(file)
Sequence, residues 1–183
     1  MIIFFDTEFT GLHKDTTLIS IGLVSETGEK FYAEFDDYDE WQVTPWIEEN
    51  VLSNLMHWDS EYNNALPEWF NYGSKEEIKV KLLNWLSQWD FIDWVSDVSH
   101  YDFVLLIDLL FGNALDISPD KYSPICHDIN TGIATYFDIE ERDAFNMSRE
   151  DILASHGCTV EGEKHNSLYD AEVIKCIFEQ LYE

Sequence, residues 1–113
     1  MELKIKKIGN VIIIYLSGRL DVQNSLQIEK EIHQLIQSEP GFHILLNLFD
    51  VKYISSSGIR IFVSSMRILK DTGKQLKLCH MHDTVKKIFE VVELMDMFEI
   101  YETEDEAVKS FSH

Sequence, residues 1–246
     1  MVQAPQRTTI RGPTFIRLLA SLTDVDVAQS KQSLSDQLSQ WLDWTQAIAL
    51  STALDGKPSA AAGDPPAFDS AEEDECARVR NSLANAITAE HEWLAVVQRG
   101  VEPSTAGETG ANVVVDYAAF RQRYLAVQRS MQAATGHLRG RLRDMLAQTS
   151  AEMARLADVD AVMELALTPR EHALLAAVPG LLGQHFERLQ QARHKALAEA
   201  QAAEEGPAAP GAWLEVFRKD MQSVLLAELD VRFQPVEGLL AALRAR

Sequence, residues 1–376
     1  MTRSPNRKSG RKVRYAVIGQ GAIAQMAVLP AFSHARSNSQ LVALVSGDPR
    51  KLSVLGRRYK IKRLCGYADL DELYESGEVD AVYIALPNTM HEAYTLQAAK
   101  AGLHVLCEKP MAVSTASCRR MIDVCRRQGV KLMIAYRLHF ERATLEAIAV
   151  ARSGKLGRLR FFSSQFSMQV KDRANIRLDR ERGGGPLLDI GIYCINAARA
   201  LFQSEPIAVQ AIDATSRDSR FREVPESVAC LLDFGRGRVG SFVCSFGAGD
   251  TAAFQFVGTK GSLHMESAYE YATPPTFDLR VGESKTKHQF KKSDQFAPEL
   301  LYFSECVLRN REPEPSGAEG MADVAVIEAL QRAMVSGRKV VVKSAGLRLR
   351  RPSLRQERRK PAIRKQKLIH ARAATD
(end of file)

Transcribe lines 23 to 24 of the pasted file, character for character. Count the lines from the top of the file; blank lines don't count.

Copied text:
   301  LYFSECVLRN REPEPSGAEG MADVAVIEAL QRAMVSGRKV VVKSAGLRLR
   351  RPSLRQERRK PAIRKQKLIH ARAATD